In interpreting a prior, but similar, version of section 440.13(2)(f), this court stated that, after an employer has authorized a medical provider to evaluate and treat a claimant, “the employee may request a one-time change of physician. In that case, the employer must offer a choice of at least three alternative physicians.” See St. Augustine Marine Canvas & Upholstery, Inc. v. Lunsford, 917 So.2d 280, 283 (Fla. 1st DCA 2005) (emphasis added). While the statute no longer requires an employer to offer a list of three alternative physicians, it does require an employer to offer an alternative physician upon a claimant's written request.
We have also addressed the question of what constitutes treatment, and the phrase “during the course of treatment,” in two recent opinions. See Butler v. Bay Center/Chubb Ins. Co., 947 So.2d 570, 573 (Fla. 1st DCA 2006); Nunez v. Pulte Homes, Inc., 985 So.2d 695 (Fla. 1st DCA 2008).
In Butler, the claimant's authorized treating doctor recommended that she receive pain management treatment. The claimant filed a petition for benefits seeking such treatment with a specific doctor. The E/C authorized the treatment, but with a doctor different than the one the claimant requested. The claimant refused to see this doctor, and asked for a one-time change in physician. Butler, 947 So.2d at 571-72. The JCC found that the claimant was not entitled to this one-time change because she had not received any treatment from the physician timely authorized by the E/C. We affirmed the JCC's ruling. Id. at 572.
In so doing, we pointed out that the “legislature's use of the language ‘change ․ during the course of treatment’ clearly indicates a claimant must be currently receiving treatment by a physician before she may request” a change in physician. Id. at 573. Because the claimant in Butler never attended the initial appointment with the timely authorized physician, she “could not ‘change’ that physician because she was never treated by that physician.” Id.
Here, the E/C seize on our statement in Butler that, to be entitled to a change in physician, “a claimant must be currently receiving treatment by a physician ․,” and argue that, because Claimant had been discharged from treatment by his initially authorized physician and waited nearly one year before seeking additional treatment, Claimant failed to satisfy this requirement. We disagree.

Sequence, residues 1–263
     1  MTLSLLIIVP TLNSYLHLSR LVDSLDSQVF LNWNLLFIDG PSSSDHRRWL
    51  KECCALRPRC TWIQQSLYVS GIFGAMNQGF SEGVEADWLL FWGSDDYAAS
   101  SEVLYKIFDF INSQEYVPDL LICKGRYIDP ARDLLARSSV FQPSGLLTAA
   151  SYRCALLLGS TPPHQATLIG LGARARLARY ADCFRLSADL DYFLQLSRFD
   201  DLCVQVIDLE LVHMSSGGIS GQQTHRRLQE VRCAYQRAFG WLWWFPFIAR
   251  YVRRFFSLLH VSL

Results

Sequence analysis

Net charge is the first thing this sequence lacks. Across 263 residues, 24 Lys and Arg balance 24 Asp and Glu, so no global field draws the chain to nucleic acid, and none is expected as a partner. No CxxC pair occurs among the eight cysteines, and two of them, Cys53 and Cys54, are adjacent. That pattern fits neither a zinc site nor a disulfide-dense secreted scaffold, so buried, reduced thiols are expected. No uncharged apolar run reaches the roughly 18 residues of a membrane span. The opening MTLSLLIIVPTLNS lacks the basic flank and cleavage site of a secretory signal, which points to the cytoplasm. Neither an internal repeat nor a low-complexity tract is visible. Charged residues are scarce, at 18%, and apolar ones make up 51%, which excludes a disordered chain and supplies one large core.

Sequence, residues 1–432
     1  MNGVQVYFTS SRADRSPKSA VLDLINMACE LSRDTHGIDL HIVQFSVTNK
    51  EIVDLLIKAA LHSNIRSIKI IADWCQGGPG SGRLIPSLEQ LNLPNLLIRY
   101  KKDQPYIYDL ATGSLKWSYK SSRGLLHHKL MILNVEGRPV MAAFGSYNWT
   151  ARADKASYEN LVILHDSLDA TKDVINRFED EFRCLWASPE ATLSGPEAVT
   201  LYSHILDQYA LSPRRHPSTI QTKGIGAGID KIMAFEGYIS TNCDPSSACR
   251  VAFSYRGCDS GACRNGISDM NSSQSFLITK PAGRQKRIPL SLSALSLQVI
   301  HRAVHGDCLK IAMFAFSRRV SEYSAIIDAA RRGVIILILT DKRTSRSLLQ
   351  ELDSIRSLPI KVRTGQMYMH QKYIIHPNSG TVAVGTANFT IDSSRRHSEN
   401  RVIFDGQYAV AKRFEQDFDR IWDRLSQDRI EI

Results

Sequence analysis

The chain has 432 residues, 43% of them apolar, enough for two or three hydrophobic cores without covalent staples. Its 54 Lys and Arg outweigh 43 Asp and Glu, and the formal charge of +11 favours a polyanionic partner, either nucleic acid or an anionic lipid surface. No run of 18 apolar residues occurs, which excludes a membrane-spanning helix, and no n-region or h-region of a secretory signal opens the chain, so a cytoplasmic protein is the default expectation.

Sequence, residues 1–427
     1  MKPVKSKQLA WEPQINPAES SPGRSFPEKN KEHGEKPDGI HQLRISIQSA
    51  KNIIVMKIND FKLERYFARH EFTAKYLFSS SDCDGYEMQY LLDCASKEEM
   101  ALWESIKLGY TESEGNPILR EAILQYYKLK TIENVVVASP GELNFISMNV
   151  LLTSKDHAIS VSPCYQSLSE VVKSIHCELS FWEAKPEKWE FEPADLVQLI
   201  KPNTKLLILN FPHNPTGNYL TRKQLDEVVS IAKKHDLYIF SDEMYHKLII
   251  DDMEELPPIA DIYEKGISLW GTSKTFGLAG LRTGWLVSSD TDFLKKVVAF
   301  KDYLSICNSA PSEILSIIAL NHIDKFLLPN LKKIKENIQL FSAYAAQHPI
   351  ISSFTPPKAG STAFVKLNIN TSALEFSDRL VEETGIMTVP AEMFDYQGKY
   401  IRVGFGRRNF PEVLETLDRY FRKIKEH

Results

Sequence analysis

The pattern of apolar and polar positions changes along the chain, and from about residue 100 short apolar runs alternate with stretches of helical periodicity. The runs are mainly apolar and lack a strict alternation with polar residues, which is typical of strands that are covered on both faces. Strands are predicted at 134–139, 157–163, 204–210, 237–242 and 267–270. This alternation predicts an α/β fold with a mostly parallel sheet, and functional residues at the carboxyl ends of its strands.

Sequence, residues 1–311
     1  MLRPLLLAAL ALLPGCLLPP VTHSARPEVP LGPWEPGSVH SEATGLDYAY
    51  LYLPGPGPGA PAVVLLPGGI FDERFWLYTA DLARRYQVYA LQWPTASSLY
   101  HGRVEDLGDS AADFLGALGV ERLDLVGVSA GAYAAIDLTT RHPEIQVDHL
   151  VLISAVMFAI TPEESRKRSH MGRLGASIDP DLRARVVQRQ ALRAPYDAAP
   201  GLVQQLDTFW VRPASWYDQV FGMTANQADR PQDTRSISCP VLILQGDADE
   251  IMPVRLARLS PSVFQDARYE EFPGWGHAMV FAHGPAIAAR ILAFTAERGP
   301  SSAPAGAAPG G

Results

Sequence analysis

In Nunez, the claimant's authorized treating doctor consented to the claimant's request for a neurosurgical evaluation, and referred the claimant to a neurosurgeon. The E/C authorized this, and the claimant saw the neurosurgeon twice. The neurosurgeon found no problems or anatomical reasons to justify claimant's pain complaints, and the MRI he reviewed led the doctor to opine that no surgery was necessary. The claimant then asked for a one-time change in neurosurgeon. Nunez, 985 So.2d at 695-96. This court found that, although the doctor did not perform or recommend surgery, he saw the claimant on two occasions, performed an evaluation, and rendered a diagnosis. This was sufficient to constitute “treatment,” and because the neurosurgeon evaluated the claimant “during the course of treatment,” the claimant was entitled, “as a matter of law,” to the one-time change provided by section 440.13(2)(f). Id. at 697.
Similarly, in the instant case, Claimant began treatment with an authorized physician, and that physician evaluated Claimant and rendered a diagnosis during the course of that treatment. Consequently, as a matter of law, Claimant was entitled to a one-time change in physician pursuant to section 440.13(2)(f). That the originally authorized physician ultimately discharged Claimant from his care is irrelevant.
ALLEN, DAVIS and BENTON, JJ., concur.